Starter Homes in B.C.’s Lower Mainland

by Lauren Souch January 16, 2013 / 2 Comments

This three-bedroom starter home in Coquitlam costs $578,000, and features a basement bedroom/family room combo with a separate entrance and a large backyard.

Owning a home is something most people dream about. Not only does paying for a mortgage mean you’re not paying rent, it also gives you the freedom to have full control of your property. Unfortunately, for some regions in Canada, it’s much easier to break into the market than others.

Most of British Columbia falls into the “hard to break into” category, with continually climbing price tags on already expensive homes. Vancouver, for instance, is considered the most expensive place to buy in Canada. According to a recent Home Listing Report by Coldwell Bank, the average listing price for a four-bedroom, two-bathroom home is a staggering $1,876,414 in Vancouver. Richmond and Burnaby also topped the list, with average prices hovering around the $1-million mark.

In B.C.’s Lower Mainland, a four-bedroom home is considered somewhat of an aspiration. As such, most first-time buyers are looking for something a little smaller – like a two- or three-bedroom bungalow that is just big enough to start the life of homeownership in.

According to B.C. Mortgage Broker Dara Fahy, nearby cities like Port Moody, Coquitlam, and New Westminster are prime real estate areas for first-time buyers to look at, especially with the upcoming Evergreen Line – an addition to the Lower Mainland’s transit system.

“Soon these areas will be serviced by a SkyTrain, which is our version of a subway,” Fahy explained. “[This will offer] a much easier, faster, and cheaper commute into downtown Vancouver.”

For many young professionals, this makes buying in the Tri-Cities (Coquitlam, Port Coquitlam and Port Moody) more appealing, as it will soon be much easier for homeowners to get to their Vancouver jobs.

However, B.C. real estate is expensive, when compared to the rest of Canada – especially in the Lower Mainland. And buying there means shelling out a pretty penny. According to Tri-City Realtor Ryan Runte, the average detached family home in Port Moody falls in the lower $600,000 mark, while a similar home in Port Coquitlam is typically in the low $500,000 range.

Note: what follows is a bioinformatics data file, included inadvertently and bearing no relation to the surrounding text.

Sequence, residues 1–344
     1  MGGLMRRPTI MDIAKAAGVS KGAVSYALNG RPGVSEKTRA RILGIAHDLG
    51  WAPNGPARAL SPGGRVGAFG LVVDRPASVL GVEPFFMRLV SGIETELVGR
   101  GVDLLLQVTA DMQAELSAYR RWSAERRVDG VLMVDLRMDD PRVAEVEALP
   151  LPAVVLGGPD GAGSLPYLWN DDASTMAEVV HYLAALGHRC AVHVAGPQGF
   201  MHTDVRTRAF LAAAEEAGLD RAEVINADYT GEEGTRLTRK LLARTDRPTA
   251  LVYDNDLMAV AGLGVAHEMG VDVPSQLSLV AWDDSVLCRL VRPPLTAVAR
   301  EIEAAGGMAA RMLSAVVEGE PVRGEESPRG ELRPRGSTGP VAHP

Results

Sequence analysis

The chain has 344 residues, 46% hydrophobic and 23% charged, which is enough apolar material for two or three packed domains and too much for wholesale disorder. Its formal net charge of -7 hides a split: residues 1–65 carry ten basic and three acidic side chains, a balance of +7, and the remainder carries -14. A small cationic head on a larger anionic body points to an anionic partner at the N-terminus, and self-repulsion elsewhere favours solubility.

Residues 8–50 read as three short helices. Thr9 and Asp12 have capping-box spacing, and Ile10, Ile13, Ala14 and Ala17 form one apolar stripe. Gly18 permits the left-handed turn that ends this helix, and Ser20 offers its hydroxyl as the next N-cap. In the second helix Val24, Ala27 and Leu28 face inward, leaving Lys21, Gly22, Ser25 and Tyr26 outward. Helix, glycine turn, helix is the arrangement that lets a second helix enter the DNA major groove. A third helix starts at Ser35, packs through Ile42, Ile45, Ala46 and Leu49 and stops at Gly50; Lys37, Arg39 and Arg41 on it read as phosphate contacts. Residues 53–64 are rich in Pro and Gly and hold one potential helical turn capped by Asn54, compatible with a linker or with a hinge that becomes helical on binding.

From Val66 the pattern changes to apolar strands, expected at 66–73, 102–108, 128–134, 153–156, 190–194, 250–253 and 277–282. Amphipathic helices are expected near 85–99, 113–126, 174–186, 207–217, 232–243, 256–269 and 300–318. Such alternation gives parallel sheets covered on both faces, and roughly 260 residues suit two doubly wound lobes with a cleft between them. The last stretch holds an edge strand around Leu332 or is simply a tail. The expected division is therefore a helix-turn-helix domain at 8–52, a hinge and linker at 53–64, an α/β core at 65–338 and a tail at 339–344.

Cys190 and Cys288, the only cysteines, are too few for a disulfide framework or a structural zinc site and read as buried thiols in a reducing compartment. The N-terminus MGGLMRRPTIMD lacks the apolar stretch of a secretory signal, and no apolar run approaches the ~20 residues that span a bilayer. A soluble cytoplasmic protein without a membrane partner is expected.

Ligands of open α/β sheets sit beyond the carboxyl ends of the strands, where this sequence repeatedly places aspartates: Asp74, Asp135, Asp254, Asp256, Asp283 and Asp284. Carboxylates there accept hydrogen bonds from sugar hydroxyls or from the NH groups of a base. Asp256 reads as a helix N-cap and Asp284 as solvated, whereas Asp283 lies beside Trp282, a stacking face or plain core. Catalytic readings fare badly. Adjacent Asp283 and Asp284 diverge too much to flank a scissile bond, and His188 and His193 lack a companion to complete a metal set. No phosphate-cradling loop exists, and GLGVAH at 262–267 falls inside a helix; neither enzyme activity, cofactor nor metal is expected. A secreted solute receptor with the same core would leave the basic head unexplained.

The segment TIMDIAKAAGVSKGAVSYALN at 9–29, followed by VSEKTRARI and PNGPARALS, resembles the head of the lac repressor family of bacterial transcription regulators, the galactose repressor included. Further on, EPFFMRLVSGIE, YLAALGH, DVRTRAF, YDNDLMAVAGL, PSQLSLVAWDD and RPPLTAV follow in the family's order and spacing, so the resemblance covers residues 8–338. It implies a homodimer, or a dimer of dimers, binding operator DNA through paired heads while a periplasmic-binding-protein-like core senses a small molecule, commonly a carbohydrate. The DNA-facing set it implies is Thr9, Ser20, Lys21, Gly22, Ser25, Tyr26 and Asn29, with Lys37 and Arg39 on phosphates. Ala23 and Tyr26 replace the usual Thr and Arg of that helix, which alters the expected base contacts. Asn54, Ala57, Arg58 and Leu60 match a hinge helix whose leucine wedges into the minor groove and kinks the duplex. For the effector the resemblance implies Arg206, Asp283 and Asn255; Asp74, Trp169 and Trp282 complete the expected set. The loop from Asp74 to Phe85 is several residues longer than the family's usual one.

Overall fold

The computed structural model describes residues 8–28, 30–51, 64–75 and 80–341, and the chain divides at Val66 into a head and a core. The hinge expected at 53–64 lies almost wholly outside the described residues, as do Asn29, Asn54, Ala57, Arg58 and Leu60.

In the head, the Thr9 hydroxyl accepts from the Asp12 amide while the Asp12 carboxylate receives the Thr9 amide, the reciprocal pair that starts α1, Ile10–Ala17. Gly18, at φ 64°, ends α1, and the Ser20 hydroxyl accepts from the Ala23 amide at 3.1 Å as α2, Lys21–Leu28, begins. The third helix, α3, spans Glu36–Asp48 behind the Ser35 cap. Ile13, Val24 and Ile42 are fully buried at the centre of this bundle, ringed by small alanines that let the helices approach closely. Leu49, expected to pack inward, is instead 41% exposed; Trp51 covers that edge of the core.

The good news is a number of these homes have a basement suite with a separate entrance, and some newer developments even have separate coach houses that can be rented out. While those aren’t common features in usual starter homes, the Lower Mainland presents its own challenges in that housing market.

“The definition of a starter home really varies depending on the client and the area they’re looking in,” said Runte. “In the Tri-Cities, the people we’re helping are typically 25-35 and are looking for a property with that separate suite, in order to have some rental income to offset the mortgage. In fact, pretty much everyone in that age range needs rental income, just to qualify [for a mortgage in Vancouver].”

If being a landlord isn’t something you would consider doing, you can always look at townhouses in these areas, which cost considerably less. In Port Moody, a townhouse can cost on-average $450,000, and Coquitlam townhouses fall into the lower $400,000s. Port Coquitlam is the cheapest overall, with older townhouses coming in around $350,000.

To give you a better example of what you might be able to afford in the Tri-Cities, we’ve created a chart using actual homes that are currently listed for sale.

As you can see, while the suburban houses are often cheaper per square footage of the property, the townhouses present a viable option for a first-time buyer who can’t afford a mortgage over half a million.

“In my opinion, Coquitlam and Port Moody are the best areas to buy,” said Runte. “In particular, within Port Moody, as you can get large lots. And many areas will be within walking distance to the upcoming Evergreen Line, which will be finished within five years.”

According to Runte, the main thing any first-time buyer should consider before purchasing is the resale value of their home. Since most people don’t live in their starter homes forever, it’s a good idea to consider how easy it will be to sell within five-to-10 years. In the Lower Mainland, accessibility to transit – like the Evergreen Line – is one of the top things all buyers consider before making an offer. By making that a consideration of yours before buying, it should be that much easier to resell.